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Racin’ Towards Spring

18 February 2016 Views From The Booth

1393119912000-2-23-12-daytona-500-start-timeGreetings once again from the Booth! As I’m writing this week’s “Views From the Booth,” it is 15 degrees outside, football is over for another season, and most of us are hoping that the groundhog is correct, and an early Spring is coming.

Ernest Hemingway once said “write about what you know.” I am going against his advice in this week’s blog post. I know very little about NASCAR, although I did go to a Cup race at Darlington back in the 90’s and got pelted with tire debris for 5 hours. I don’t know a lot about the intricacies of pit stops and fuel consumption, but I do know this: When I settle in to the easy chair this Sunday to watch the Daytona 500 and see palm trees and the fans partying atop the RVs, I know Spring can’t be far away. Daytona is the one race I actually pay attention to every year for that reason. For me, the “Super Bowl of Stock Car Racing” is as much a signpost as a sporting event.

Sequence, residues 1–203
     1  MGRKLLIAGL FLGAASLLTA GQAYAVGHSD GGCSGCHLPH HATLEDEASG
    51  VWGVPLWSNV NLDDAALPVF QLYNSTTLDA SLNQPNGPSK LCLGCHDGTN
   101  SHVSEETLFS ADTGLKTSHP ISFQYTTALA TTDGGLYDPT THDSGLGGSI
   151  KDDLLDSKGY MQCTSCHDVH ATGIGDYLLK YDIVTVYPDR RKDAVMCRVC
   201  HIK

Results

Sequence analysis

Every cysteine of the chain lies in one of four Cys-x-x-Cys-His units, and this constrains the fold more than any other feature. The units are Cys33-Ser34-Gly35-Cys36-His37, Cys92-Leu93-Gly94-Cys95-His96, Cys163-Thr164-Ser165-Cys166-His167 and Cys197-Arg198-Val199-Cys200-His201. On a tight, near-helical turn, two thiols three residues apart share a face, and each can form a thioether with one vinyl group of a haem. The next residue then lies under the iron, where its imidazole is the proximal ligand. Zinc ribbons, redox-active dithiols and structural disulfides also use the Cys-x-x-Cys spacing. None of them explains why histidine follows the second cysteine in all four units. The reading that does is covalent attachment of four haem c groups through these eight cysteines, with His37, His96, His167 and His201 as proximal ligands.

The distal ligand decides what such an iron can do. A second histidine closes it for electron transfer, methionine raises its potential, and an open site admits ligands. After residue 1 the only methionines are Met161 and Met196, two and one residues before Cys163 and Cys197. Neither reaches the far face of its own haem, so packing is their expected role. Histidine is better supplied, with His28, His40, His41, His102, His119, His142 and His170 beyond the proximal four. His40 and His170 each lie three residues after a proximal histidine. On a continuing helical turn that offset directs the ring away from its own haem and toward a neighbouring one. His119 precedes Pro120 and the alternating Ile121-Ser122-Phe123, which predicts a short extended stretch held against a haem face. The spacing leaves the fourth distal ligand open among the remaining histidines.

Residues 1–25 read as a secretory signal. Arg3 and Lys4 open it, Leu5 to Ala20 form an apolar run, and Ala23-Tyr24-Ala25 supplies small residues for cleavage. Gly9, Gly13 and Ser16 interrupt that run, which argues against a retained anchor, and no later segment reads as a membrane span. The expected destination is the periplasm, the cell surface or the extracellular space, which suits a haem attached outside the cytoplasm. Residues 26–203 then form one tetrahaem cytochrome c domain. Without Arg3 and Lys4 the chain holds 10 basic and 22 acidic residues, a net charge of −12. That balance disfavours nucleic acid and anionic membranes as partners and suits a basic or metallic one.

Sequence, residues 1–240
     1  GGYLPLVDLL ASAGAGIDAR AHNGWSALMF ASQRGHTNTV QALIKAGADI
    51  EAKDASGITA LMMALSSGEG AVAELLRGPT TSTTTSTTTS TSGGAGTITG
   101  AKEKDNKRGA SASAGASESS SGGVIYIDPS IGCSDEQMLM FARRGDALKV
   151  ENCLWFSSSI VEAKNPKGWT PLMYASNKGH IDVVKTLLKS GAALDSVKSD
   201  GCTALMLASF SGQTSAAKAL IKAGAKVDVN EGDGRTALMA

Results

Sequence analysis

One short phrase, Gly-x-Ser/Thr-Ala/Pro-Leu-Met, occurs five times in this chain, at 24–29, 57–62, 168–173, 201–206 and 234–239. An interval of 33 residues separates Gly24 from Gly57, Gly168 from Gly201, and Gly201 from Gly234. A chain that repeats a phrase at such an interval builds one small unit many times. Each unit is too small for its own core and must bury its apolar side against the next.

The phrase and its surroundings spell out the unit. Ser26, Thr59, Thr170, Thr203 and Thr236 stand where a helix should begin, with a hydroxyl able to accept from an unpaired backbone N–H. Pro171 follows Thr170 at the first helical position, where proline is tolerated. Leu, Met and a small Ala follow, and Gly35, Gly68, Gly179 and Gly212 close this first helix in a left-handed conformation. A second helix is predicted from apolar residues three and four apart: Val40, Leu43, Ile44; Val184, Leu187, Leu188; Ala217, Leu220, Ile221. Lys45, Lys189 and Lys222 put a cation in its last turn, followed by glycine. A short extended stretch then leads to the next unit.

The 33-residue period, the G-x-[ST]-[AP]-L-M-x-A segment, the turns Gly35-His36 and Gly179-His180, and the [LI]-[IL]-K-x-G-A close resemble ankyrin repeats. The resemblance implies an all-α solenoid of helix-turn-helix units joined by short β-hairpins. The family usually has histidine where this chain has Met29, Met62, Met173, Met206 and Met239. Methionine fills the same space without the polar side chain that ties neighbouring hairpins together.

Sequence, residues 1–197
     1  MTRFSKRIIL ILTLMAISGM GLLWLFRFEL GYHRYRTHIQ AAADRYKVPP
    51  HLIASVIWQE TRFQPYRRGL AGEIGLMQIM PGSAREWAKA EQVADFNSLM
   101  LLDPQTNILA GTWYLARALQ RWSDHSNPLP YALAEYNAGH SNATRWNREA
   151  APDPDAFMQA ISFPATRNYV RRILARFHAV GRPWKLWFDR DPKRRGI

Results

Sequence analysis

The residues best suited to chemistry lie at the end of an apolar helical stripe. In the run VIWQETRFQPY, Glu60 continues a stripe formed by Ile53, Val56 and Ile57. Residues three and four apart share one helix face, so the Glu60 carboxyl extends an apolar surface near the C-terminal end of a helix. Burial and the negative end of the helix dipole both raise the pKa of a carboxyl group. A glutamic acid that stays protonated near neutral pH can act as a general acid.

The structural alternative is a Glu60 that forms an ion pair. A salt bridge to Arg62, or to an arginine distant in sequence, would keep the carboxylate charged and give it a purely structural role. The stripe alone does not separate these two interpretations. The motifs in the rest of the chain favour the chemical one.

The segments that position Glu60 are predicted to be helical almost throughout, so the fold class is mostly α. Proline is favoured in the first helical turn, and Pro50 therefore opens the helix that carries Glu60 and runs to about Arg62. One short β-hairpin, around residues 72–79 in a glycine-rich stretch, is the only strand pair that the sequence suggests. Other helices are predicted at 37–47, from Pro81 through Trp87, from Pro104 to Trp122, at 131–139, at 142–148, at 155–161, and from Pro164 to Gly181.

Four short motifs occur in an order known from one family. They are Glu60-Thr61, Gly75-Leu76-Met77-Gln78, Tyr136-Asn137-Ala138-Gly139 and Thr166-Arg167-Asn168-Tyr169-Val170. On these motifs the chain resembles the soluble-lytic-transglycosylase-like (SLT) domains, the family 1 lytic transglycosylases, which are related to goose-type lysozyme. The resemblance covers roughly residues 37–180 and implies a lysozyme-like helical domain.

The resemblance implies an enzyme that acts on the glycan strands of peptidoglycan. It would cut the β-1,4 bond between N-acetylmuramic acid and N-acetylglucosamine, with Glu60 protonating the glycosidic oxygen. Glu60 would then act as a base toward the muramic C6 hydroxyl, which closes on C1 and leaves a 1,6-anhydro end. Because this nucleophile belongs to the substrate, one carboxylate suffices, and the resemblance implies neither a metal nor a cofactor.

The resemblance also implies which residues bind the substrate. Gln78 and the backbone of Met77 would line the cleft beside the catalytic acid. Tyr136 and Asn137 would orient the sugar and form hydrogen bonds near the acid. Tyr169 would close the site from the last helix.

I would be considered by NASCAR as “the casual fan,” the type of fan that jumped on the bandwagon in the sport’s heyday in the 1990’s. I believe that the core group, the passionate fans have remained, but if you watch a NASCAR Sprint Cup race now on TV, you will see lots of fans disguised as empty seats. No sport (except maybe the NFL) can maintain the popularity NASCAR reached in the 90’s, but I have a few thoughts on why there’s been a drop-off since then:

The Playoff System: To me, the casual fan, NASCAR seemingly changes the way championships are won like most people change their socks. Now there’s a convoluted “playoff” type system that is hard to follow. I believe NASCAR was trying to make a way for end-of-season races (up against the NFL on TV) to be meaningful. To me, it’s just confusing.

Roots: By building Super Speedways around the country, NASCAR has gotten away from it’s roots. Gone are the smaller venues like Rockingham and North Wilkesboro. These tracks had charm and were part of NASCAR’s storied history. I get that it’s all about the money, but imagine tearing down Wrigley, Fenway, or Lambeau.

Rivalries:  With Dale Earnhardt deceased, and names like Gordon and Stewart fading from the sport, NASCAR needs to have compelling rivalries. Nothing sparks fan interest like a good rivalry. Golf is struggling a bit with the same problem as Tiger and Phil become less relevant. Also, the advent of big race teams with multiple drivers (Stewart-Haas, Joe Gibbs Racing, etc.) have diluted the rivalries somewhat.

Other reasons have been given like ticket prices, but one thing’s for sure. When the green flag waves to start the Daytona 500, the race to Spring is on!

That’s another “View From the Booth.” Ladies and Gentlemen, start your engines…and GO HORNETS!

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